The fact that you are asking about questions of what lawyers call "conflict of laws" or "private international law" signals the need for competent counsel. Consider that the majority of lawyers have not studied and cannot advise you about this subject competently. Your county bar association may be able to refer you to someone appropriate.
But a few general principles may help. Competent lawyers drafting contracts between parties domiciled in different jurisdictions include forum selection clauses and choice-of-law provisions in their contracts. Whenever the law of more than one jurisdiction might apply, it is a safe bet that the law of one jurisdiction is more favorable to one of the parties' interests. It's the lawyer's job to look that up and advise you. Add to the mix that you are plainly asking about the law applicable to intellectual property owned by someone else, and it becomes clear that this is not something you should be handling on your own without competent legal advice. Go get it.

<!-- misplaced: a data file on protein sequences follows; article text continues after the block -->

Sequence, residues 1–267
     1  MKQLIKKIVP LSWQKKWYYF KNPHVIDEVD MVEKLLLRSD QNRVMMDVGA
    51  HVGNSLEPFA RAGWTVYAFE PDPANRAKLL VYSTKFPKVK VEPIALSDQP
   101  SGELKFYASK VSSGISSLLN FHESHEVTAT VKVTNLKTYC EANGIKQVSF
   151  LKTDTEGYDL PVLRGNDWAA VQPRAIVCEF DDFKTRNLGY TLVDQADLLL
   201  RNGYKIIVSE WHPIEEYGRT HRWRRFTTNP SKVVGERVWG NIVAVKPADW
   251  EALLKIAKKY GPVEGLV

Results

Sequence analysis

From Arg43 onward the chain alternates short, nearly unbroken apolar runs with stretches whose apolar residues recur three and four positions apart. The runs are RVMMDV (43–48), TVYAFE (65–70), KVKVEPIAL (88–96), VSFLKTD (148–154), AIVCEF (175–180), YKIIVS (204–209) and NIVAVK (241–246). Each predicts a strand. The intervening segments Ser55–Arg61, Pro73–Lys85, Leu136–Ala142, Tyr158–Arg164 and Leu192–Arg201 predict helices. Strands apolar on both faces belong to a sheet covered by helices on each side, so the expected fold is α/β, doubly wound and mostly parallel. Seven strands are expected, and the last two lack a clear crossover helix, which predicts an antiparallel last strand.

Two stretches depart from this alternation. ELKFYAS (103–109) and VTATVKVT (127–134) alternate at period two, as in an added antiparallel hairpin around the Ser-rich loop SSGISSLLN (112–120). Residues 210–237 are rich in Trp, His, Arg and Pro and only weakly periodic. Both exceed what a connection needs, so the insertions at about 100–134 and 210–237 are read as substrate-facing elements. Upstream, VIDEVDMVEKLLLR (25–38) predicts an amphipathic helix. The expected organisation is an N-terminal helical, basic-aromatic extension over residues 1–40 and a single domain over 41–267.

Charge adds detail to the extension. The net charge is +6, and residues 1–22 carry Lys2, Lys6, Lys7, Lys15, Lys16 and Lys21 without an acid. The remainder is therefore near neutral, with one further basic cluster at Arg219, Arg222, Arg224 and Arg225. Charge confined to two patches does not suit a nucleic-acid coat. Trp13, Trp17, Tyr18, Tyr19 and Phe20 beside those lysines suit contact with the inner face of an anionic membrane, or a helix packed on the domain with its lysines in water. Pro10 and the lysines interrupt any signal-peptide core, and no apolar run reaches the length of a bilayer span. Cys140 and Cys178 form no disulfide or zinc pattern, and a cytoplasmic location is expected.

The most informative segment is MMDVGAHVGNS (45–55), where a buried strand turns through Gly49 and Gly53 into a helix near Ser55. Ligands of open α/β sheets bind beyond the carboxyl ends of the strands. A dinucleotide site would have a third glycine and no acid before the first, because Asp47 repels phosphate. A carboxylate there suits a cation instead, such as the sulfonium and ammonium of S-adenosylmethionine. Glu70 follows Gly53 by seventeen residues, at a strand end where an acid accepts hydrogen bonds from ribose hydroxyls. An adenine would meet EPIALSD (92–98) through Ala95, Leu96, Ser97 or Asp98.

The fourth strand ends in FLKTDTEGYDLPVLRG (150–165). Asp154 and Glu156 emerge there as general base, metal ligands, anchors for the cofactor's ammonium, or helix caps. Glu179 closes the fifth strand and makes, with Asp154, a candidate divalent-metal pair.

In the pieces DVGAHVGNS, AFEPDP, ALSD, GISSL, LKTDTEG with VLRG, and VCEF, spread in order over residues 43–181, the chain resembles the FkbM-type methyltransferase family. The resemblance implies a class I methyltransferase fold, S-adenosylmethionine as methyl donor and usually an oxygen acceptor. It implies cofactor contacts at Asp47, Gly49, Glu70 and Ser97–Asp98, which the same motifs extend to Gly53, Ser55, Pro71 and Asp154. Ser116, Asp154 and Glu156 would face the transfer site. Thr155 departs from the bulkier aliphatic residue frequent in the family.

Neither is what I've written here legal advice; it's just point out to you some general principles. I don't practice law in California or hold licensure there. Consult local counsel if you need legal advice. I practice in Vermont ONLY.